Students from Walker County's 4-H club took home two awards during the National LifeSmarts Championship in San Diego, Calif., last month.
The competition, hosted each year by the National Consumers League, prepares students to enter the real world as smart consumers by testing their knowledge on five key topics: consumer rights and responsibilities, the environment, health and safety, personal finance, and technology.
"This LifeSmarts competition was an experience that I will never forget," said LaFayette High School junior Rylie Chamlee. "I learned so many new things through this once in a lifetime opportunity, and I was so blessed to be able to go."
A majority of the competition was quiz-bowl style, with teams from more than 30 schools going head to head, but students also had a chance to gain recognition for their work throughout the past school year with accolades like the Community Service High and Wide Award, which the Walker team won for members' service at local schools.
Throughout the month of March, the team's four members visited Saddle Ridge Middle School to create awareness related to the potential dangers of over-the-counter medicine. Going class to class, the group taught hour-long lessons to help students understand the warnings, directions and ingredients on drug facts labels.
"The majority of the kids had never even seen a drug facts label," said team coach and county extension agent Casey Hobbs. "Some of them had even raised their hand to admit that they'd taken it just on a whim from a friend or another adult that wasn't their parent. So this gave them more awareness as to why it's important that they understand it just as well as their parents."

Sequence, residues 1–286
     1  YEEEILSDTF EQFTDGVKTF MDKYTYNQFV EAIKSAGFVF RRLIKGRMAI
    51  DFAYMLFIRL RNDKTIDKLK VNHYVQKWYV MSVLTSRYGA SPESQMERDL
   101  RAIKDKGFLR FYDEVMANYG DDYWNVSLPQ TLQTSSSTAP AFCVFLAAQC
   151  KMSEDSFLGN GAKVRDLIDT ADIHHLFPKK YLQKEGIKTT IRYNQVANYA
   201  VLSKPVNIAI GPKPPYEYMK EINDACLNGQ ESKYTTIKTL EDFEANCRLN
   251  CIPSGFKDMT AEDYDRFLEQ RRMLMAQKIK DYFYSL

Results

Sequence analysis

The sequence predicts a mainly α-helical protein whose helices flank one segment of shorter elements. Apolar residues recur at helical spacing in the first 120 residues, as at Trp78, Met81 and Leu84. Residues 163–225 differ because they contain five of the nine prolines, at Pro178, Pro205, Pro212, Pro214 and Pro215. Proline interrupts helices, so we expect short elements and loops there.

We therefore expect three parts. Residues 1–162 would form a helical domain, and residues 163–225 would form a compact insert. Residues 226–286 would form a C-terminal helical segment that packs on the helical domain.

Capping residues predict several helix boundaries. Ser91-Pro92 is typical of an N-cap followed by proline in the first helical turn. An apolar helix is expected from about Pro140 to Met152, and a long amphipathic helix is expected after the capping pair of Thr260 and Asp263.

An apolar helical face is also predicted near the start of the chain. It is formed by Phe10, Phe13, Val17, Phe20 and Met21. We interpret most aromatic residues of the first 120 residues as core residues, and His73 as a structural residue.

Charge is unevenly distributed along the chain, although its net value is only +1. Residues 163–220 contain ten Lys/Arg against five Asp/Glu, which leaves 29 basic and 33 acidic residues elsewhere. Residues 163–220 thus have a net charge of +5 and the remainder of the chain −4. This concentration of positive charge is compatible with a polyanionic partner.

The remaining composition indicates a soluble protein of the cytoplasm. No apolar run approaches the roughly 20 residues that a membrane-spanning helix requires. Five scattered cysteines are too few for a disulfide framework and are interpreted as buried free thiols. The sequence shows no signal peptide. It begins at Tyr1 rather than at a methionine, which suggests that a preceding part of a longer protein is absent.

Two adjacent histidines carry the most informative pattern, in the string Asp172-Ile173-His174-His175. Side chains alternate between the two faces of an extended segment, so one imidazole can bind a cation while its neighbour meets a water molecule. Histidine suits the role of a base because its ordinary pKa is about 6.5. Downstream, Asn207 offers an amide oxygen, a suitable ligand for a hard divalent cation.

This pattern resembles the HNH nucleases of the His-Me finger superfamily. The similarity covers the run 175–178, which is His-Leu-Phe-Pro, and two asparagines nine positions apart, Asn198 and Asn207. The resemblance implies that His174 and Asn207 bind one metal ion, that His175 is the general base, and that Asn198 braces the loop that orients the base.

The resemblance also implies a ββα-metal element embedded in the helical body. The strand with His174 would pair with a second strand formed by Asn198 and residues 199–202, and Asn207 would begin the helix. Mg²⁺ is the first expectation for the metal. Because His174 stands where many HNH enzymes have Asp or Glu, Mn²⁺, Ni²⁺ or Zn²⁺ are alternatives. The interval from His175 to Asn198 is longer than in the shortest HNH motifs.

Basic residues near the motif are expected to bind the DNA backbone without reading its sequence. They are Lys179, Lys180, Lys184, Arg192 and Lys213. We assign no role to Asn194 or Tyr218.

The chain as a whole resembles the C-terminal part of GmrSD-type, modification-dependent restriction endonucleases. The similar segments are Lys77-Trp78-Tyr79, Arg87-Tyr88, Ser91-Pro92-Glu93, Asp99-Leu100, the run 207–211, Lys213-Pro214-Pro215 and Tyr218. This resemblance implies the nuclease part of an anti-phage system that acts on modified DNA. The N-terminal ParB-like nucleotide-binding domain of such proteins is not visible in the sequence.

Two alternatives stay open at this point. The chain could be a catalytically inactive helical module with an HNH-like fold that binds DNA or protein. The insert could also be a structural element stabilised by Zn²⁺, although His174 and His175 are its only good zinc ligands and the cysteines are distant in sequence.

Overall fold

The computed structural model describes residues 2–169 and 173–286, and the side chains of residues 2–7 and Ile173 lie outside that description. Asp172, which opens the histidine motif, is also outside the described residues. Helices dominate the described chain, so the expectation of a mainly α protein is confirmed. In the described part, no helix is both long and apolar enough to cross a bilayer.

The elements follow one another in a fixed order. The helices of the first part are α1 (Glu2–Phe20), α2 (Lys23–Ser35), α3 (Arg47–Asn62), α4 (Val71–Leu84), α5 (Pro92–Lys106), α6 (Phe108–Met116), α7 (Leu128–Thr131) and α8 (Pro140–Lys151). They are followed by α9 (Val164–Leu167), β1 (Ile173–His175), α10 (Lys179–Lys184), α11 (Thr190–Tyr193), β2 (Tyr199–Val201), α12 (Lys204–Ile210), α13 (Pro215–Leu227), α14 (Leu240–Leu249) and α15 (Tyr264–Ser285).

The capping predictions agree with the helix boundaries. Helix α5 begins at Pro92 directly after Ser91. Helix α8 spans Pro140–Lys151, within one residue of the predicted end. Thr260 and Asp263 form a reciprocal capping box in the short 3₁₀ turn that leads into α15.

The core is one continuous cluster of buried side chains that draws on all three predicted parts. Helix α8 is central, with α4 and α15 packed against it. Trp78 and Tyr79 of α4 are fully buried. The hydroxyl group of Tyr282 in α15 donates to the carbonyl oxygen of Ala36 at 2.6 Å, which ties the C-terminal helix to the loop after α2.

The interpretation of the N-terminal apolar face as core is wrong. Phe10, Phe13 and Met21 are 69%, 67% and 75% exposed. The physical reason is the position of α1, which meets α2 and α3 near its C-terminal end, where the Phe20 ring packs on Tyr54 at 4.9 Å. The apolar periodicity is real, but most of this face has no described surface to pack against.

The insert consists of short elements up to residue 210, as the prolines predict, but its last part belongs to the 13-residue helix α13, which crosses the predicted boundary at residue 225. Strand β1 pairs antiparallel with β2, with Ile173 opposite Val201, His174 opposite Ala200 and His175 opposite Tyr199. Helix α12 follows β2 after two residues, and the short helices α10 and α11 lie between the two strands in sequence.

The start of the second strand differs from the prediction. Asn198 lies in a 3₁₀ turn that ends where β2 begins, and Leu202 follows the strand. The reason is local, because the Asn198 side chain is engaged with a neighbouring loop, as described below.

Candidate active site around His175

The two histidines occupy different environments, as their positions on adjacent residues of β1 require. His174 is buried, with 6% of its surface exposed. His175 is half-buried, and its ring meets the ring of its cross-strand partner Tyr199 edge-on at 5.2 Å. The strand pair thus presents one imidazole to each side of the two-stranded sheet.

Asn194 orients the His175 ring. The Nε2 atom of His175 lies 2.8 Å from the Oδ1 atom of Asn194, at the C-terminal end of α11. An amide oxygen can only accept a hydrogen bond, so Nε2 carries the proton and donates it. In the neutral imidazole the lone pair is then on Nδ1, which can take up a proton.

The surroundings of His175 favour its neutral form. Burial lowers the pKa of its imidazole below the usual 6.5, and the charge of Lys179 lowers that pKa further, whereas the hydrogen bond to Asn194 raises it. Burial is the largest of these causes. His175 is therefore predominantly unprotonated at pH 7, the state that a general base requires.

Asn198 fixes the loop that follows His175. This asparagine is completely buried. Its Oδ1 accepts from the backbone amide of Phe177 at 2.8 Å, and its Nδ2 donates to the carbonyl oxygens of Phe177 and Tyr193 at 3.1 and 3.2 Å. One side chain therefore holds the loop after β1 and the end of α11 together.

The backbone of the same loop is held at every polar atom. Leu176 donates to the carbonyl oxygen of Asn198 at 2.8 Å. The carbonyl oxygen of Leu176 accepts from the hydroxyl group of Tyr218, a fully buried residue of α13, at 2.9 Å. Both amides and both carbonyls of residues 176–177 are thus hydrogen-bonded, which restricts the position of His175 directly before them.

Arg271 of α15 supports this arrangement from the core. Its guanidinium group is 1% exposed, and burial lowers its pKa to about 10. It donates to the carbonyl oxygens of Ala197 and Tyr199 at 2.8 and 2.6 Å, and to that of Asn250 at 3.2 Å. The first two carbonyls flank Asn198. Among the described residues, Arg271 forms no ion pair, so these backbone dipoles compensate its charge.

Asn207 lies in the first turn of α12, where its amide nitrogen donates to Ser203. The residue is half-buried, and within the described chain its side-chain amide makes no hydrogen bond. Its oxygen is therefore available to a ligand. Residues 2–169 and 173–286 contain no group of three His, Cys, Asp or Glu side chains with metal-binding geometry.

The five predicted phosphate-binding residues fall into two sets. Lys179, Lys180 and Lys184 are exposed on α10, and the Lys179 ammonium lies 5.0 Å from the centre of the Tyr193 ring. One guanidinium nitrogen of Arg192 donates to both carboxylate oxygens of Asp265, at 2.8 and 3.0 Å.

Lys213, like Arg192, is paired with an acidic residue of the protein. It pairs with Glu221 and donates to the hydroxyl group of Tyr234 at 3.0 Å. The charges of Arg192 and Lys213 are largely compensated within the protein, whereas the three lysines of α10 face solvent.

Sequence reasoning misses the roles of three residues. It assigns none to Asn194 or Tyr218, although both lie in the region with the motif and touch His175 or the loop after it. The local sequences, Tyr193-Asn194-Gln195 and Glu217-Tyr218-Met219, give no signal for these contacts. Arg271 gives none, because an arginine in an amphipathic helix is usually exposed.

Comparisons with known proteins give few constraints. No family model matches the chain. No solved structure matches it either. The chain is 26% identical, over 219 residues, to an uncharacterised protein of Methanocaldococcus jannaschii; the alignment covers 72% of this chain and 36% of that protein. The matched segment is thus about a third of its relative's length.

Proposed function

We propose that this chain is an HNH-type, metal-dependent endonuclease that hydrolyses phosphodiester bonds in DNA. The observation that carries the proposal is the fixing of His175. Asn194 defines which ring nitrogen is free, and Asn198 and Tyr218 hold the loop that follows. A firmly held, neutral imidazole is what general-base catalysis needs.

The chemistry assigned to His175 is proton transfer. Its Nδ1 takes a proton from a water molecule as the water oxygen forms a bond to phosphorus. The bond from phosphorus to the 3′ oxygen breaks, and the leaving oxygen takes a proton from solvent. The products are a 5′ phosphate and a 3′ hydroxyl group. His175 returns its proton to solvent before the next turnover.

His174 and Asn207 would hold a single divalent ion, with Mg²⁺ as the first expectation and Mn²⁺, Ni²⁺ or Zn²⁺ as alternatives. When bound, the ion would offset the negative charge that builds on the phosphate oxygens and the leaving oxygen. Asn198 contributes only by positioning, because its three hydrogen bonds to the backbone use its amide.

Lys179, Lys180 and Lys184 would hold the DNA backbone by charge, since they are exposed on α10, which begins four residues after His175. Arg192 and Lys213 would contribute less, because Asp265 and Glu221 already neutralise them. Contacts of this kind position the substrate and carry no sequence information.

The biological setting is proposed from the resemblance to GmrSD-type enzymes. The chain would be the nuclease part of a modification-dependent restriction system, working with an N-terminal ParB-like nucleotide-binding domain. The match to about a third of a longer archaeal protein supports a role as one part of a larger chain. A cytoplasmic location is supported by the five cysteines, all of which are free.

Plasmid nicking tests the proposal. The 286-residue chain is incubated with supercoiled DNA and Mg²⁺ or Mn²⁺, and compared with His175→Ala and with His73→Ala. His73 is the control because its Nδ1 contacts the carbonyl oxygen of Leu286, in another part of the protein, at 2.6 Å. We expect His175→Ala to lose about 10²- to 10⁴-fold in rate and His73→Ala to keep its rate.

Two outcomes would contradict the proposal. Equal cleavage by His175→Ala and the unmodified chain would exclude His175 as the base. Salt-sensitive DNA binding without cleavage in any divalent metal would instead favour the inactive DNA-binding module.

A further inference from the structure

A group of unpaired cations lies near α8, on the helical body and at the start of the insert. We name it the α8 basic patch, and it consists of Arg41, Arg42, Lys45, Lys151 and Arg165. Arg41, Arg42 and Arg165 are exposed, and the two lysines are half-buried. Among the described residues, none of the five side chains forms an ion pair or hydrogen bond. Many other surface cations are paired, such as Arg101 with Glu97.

The 4-H team also visited Gilbert Elementary School to teach lessons on "safety smarts," with sessions covering online safety, travel safety, protecting the environment, and preventing the spread of germs.
As a result of her work with Gilbert Elementary as a "Safety Smart Ambassador," LaFayette High School senior Lauren Pike, who serves as the team's captain, was one of the eight students nationwide to receive a $1,000 LifeSmarts scholarship.
In addition to the community service award, the team also won LifeSmarts' T-shirt contest, which challenged students to design a shirt that incorporated the consumer-education competition's five key elements.
Working together, the Walker team created a colorful pie chart design with each of the five elements represented, then labeled it with their theme: "Thinking life's problems through one question at a time."
The winning design will be considered for use during future LifeSmarts competitions, Hobbs said.
As a newly formed team, this was the Walker County students' first time attending the championship event. They were one of five teams invited to nationals through an automatic bid process that included submitting a formal PowerPoint presentation and individually taken tests, among other qualifications.
Though the team did not place among the top five in the quiz-bowl portion of the competition, studying up for game day has taught the students life skills about credit cards, medical bills, privacy laws and other aspects of society they might not have gleaned otherwise.
"Serving as captain of Walker County's LifeSmarts Team has taught me many things about how to be a wise consumer and has made me a more educated citizen," said Lauren. "I would recommend this team for any high school student, as it prepares you for life after high school."
Email Myron Madden at email@example.com.